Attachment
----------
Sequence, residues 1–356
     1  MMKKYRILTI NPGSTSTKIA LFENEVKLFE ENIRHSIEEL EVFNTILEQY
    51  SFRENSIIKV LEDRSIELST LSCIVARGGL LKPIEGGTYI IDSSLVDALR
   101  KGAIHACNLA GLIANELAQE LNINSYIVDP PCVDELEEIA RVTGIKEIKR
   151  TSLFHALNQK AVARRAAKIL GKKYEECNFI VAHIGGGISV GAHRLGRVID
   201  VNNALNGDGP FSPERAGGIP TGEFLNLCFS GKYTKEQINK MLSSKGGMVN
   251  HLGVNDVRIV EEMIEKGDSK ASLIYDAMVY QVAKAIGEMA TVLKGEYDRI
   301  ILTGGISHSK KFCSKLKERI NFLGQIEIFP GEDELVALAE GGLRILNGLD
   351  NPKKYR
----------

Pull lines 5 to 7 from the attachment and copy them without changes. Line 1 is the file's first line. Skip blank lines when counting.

   151  TSLFHALNQK AVARRAAKIL GKKYEECNFI VAHIGGGISV GAHRLGRVID
   201  VNNALNGDGP FSPERAGGIP TGEFLNLCFS GKYTKEQINK MLSSKGGMVN
   251  HLGVNDVRIV EEMIEKGDSK ASLIYDAMVY QVAKAIGEMA TVLKGEYDRI